A Hybrid That Doubles Your Odds

Dean Sigler Electric Powerplants, Sustainable Aviation Leave a Comment

Of at least making it home at night.  Zero-Grid’s demonstrator looks like an electric green Zap!  Zebra sedan from the outside, but houses a wealth of creative energy, along with interior-filling racks of  batteries and an innovative charging and switching system.  While “range anxiety” is still a concern for buyers of even high-end pure electric cars, this hybrid system promises a final electricity-driven sprint even when the fuel runs out.

Michael Hargett shows off proof of concept hybrid system

Using a “Battery Alternating Recharging Process” (BARP), Michael Hargett,the car’s inventor, says Zero-Grid’s Zero Kar™, with two or more individual battery packs and a hybrid generator, can recharge one battery pack while the other runs the car.  By alternating power and charging among multiple battery packs, the car achieves high mileage even for a hybrid, showing over 131 miles per gallon on average, with one run producing over 141 mpg.  It also has reasonable performance, topping 70 miles per hour: the original Zap! Car could only do about 45 mph on its batteries.  The Zero Kar can accelerate to 60 mph in 13 seconds, but considering the bulk of its proof-of-concept power system, such performance is not disappointing.

Battery packs fill Zap! Zebra Zero-Grid Car

The prototype vehicle is filled with gear, including a Kohler V-twin engine that drives the two-foot diameter SEMA (Segmented ElectroMagnetic Array) generator, which charges the batteries arrayed in two layers between the rear firewall and the front seats, which in turn power the AC24LS, 15 kilowatt (20.1 hp) continuous, 20 kilowatts (26.8 hp) peak, Azure Dynamics motor nestled between the two rear wheels.

Zero-Grid claims recharging of the dormant LiFePO4 battery pack in a fraction of the time needed to run the working battery pack to a pre-set shut-off point, enabling transparent operation and continuous driving.   A special switchover mechanism transfers power from the battery pack going “off-line” to the one going “on-line” with no noticeable lag and no need for intervention from the driver.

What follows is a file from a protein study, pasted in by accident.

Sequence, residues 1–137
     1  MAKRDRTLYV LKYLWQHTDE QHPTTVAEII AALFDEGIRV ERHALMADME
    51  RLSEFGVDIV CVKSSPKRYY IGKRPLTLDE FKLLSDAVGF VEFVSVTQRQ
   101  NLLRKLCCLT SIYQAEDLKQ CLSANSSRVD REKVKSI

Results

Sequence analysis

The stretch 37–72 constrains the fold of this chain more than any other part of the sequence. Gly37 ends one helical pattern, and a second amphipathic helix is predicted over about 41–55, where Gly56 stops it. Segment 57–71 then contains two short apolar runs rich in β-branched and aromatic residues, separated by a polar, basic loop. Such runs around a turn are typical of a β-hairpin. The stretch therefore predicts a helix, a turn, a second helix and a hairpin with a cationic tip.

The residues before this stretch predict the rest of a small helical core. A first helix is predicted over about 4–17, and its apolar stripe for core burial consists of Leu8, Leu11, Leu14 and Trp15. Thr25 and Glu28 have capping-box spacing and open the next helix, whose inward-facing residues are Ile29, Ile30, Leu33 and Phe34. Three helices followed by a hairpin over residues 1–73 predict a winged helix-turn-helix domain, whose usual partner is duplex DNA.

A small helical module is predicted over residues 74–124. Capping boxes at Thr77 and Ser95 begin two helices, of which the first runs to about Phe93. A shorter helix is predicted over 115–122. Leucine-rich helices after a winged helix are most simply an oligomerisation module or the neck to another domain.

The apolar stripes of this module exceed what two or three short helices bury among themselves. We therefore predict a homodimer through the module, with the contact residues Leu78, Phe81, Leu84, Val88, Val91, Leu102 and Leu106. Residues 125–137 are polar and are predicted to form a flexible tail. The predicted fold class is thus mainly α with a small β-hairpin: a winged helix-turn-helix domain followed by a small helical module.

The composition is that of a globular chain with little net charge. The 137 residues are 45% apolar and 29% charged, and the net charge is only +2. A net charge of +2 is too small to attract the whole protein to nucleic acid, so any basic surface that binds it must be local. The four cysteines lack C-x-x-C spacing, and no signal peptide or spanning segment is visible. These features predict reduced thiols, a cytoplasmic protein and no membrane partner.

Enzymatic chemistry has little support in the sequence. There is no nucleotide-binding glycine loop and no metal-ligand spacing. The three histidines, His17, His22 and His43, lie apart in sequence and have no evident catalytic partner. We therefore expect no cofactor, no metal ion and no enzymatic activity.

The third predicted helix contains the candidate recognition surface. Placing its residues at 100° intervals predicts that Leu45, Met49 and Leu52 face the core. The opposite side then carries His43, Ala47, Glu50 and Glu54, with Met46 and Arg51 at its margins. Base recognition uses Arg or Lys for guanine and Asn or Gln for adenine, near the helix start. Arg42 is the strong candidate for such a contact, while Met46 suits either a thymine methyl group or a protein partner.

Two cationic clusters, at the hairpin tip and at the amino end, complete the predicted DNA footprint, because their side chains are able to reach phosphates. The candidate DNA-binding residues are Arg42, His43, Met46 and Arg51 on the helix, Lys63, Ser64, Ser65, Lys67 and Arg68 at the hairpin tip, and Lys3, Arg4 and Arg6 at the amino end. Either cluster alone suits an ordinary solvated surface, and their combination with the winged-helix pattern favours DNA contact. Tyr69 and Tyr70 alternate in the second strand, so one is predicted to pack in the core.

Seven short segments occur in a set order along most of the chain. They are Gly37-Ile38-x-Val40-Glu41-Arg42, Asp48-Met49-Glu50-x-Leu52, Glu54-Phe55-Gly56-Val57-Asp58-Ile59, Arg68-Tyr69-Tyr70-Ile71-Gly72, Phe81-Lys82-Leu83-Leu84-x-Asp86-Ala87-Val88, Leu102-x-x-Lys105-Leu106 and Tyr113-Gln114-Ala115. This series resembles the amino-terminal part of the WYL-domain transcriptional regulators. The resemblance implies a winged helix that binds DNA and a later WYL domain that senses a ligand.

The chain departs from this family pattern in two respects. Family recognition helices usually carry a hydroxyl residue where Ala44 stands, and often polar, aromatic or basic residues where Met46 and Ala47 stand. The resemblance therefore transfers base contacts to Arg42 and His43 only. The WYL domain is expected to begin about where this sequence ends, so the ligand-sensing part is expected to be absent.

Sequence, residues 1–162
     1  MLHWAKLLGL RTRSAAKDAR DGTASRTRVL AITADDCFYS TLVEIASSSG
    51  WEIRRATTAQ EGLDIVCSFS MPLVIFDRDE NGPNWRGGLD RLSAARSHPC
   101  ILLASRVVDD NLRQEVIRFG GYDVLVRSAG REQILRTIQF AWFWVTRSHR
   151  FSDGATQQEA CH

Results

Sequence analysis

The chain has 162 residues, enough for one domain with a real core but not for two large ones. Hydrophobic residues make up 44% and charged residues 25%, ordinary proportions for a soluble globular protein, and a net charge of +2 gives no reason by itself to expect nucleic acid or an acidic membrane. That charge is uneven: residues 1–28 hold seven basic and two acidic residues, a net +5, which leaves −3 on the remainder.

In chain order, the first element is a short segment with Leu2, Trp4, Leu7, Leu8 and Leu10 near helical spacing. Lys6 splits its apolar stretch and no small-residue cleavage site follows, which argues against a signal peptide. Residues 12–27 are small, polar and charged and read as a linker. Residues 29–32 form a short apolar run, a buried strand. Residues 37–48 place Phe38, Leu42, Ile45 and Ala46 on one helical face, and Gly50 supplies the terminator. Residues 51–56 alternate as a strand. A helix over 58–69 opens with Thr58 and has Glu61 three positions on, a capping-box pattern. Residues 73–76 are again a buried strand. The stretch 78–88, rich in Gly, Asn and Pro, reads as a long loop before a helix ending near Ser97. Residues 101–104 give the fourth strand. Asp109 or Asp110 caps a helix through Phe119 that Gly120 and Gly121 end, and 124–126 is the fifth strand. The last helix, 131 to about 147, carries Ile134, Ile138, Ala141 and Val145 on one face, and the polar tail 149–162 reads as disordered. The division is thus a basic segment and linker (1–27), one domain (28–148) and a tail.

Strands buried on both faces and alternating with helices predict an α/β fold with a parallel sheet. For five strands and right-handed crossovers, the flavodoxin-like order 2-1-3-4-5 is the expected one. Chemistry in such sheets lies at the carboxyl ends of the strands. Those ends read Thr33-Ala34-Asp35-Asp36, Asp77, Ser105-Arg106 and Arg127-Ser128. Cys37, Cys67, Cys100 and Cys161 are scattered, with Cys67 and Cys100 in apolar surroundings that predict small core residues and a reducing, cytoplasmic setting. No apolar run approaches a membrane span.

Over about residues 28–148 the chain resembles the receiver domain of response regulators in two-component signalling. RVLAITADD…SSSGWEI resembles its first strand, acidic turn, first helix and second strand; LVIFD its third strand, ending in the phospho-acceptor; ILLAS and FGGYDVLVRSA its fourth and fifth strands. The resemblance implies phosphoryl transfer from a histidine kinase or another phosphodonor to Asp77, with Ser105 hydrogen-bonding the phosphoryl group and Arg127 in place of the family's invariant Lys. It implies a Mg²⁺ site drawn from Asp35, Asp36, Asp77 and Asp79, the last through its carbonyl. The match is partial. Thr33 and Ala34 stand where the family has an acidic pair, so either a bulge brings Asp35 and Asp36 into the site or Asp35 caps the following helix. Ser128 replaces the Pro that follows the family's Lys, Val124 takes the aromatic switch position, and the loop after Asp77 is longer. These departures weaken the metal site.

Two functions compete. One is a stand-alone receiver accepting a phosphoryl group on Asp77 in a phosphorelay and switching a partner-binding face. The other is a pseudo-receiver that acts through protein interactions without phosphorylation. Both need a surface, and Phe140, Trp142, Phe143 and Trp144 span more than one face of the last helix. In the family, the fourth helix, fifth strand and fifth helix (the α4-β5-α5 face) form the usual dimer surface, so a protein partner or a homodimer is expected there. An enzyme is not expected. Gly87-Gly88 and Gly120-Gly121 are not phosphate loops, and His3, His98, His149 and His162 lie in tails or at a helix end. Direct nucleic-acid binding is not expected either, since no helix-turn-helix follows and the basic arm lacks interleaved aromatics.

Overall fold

Smaller system with portable generator, switching gear

High mileage and redundancy should appeal to aircraft people, especially since the inventors are working on smaller, lighter packages.  A 2.5 kilowatt system, 52-pound system on a table top next to the Zero Kar is more compact, with two battery arrays next to a standard portable generator used to charge the system.  One’s mind conceives of such a system on a scooter or go-cart (or ultralight aircraft).  Senior Vice President of Engineering, John O’Gurley explains that a 60 kW system would take up only twice that volume with titanate batteries – which for now are being denied the experimenters, according to Hargett.

That same reduction in operational  bulk in the car would lead to a leaner, meaner machine, with possibly even better mileage.  Calculations show the possibility of 200 mpg in a small car.

Questioned about the very large SEMA generator, Hargett explained that the car had a secondary function – acting as a backup generator for the home in case of power outages – which happen frequently during wintertime storms in the Pacific Northwest. In fact, the car could provide emergency power to Hargett’s and eight lucky neighbors’ homes.  Zero-Grid’s web site shows the range of uses to which this technology can be adapted.

What was supposed to be a two-hour Q&A of the generator’s new function turned into an over seven-hour demonstration for engineers at the NASA Glenn Research Center in Ohio last June, according to Hargett, the unit also having generated intense interest.

Hargett and O’Gurley staged demonstration economy runs in which gasoline was measured in ounces and its use calculated against drive time, charging time, and miles per gallon.  They claim to recharge their battery packs in only 20-percent of total drive times.  The first of two July runs with their ZAP-Kar  proof of concept vehicle went 154.8 miles on 1 gallon, 8.8 ounces of unleaded, giving  144.8 miles per gallon.  The second average 131.62 mpg.  Both tests followed federal Department of Transportation criteria, with stop-and-go driving in urban and rural environments and at least a brief run on nearby Interstate 5.  Speeds ranged from 25 to 65 miles per hour.

Zero-Grid has received ride-along local TV coverage in their proof-of-concept vehicle, and the team will be installing their systems in a more aesthetically-pleasing line of electric vehicles produced by GGT electric vehicles (GreenGo Tek LLC).

We look forward to ongoing developments for this ingenious hybrid system.

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